Age UK welcomes protection of free off-peak bus travel for disabled and older people
On Tuesday 10th April, the government announced that disabled and older people in England will continue to benefit from free off-peak bus travel for the foreseeable future, keeping them connected with their local towns and cities.
Bus passengers aged over 65 or with a disability have been entitled to travel free of charge on any off-peak local service in England since 2007, thanks to the English National Concessionary Travel Scheme. The government has now amended legislation to protect the scheme in its current format, so that it can continue for years to come.
Buses Minister Nusrat Ghani said: ‘Being able to get out and about is hugely important for older and disabled people to keep their independence and play a role in their local community. Buses help connect people, homes and businesses and nearly 10 million people in this country are already benefitting from free off-peak bus travel.’
The legislation behind the English National Concessionary Travel Scheme has been amended so that it no longer needs to be reviewed every five years. New regulations will ensure millions of older and disabled people up and down the country can continue to make use of buses to go about their daily lives.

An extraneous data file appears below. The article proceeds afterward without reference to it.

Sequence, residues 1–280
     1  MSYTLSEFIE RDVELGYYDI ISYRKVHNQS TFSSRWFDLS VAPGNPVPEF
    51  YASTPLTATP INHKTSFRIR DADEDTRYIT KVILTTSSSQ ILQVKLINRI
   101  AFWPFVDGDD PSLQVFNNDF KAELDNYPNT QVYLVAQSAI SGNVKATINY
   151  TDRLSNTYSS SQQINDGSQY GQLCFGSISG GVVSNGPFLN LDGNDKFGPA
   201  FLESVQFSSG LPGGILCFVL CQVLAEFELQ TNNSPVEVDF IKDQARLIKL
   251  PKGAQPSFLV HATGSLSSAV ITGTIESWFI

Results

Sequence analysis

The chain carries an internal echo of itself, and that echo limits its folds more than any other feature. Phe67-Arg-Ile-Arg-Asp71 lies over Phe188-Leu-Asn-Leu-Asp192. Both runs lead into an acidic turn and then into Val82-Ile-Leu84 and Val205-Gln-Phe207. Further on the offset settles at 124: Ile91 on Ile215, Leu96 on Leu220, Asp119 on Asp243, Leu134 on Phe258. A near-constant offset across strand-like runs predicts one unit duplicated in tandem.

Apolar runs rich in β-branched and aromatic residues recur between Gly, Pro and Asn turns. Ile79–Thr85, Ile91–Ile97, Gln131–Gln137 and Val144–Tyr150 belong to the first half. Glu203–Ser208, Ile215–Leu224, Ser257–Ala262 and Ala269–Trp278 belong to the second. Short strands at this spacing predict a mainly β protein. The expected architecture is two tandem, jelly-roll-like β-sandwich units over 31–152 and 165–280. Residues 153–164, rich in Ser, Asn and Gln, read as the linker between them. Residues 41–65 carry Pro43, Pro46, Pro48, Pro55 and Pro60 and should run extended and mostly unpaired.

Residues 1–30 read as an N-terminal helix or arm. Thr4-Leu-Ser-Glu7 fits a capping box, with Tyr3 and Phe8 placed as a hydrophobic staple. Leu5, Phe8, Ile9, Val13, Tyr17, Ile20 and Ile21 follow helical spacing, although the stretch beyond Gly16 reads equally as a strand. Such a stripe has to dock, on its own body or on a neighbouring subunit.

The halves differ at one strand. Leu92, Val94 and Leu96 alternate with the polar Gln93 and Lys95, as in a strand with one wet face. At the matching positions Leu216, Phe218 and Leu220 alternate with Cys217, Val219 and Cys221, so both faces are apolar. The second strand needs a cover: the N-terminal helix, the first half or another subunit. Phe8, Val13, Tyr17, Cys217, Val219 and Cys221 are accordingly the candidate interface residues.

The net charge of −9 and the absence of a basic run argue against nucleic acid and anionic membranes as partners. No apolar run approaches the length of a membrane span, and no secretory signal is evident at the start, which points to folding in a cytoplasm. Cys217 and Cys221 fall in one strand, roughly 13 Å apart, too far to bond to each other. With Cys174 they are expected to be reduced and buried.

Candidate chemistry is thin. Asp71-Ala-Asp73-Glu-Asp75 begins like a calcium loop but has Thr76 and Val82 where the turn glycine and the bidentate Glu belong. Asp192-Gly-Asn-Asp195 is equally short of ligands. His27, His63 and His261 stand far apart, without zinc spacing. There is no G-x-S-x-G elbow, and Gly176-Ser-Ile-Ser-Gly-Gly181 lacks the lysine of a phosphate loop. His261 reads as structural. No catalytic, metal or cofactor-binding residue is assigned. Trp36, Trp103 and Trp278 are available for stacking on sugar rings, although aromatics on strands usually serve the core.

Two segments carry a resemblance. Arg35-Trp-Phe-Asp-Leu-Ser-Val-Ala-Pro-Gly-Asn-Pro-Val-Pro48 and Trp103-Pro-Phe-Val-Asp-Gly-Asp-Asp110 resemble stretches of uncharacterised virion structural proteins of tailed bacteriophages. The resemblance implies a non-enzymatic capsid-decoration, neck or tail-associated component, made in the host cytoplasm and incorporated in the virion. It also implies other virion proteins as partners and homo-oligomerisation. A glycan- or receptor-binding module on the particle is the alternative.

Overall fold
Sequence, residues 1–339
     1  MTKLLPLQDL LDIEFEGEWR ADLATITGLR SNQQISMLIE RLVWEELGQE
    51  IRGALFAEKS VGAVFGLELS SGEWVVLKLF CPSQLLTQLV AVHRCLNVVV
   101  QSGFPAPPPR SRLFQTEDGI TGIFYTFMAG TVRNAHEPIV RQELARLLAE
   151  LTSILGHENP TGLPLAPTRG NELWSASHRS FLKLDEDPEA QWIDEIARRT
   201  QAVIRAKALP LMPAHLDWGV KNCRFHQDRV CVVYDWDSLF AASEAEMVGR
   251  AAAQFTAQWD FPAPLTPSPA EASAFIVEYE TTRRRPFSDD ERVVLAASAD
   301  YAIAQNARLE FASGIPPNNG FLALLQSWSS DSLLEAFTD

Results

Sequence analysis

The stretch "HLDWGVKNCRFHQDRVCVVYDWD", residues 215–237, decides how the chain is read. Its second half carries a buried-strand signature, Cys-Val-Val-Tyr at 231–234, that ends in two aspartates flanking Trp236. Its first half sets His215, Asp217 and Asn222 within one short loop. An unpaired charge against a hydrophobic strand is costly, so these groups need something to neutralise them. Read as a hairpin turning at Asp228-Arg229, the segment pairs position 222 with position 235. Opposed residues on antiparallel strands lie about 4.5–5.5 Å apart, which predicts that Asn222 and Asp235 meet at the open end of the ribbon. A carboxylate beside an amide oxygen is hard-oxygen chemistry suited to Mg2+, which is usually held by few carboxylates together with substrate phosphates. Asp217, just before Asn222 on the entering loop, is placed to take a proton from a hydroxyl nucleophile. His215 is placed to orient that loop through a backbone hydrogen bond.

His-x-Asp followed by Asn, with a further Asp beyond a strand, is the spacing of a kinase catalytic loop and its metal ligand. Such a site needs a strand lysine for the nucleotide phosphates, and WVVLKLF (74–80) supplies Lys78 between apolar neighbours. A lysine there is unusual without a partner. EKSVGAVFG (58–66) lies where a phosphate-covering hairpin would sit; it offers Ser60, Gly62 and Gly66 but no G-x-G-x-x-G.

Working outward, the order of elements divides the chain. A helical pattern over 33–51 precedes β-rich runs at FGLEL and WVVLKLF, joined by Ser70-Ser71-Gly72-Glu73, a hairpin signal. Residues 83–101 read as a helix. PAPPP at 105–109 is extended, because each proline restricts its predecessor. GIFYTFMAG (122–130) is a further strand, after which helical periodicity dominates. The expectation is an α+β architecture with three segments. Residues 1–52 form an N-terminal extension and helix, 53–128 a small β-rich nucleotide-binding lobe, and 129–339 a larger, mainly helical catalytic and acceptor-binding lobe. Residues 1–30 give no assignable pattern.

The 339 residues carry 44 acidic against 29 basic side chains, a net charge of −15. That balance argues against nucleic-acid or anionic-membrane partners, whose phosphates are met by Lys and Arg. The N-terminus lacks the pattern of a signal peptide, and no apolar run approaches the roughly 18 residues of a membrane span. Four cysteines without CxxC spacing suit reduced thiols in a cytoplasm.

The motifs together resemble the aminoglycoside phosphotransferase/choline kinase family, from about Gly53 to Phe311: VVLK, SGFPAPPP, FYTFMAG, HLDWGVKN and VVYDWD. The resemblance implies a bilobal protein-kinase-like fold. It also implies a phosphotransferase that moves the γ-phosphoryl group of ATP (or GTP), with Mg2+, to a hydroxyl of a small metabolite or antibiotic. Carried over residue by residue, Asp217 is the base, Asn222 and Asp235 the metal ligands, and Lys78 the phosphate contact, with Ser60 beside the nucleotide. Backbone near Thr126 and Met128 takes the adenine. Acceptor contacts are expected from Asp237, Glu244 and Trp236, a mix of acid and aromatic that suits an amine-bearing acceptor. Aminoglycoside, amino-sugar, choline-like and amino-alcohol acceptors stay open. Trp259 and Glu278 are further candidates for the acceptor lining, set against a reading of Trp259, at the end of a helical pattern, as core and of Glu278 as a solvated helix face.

In addition to the bus pass scheme, the government provides £250 million every year for bus services in England, £40m of which helps to fund routes that may not be commercially viable, but which are considered socially necessary – ensuring people are connected with their local services and communities.
Age UK have welcomed the announcement and Caroline Abrahams, Charity director said: ‘We are delighted to hear that the government has recognised the importance of the bus pass. The bus pass is an important lifeline for many older people, often the poorest and those in isolated areas, who would otherwise be stranded at home – enabling them to access vital local services and stay connected with friends and family.
‘Free bus passes help fight loneliness and all the evidence shows that older people who are able to get out and about and stay engaged with their communities have a better chance of retaining their health and independence for longer.’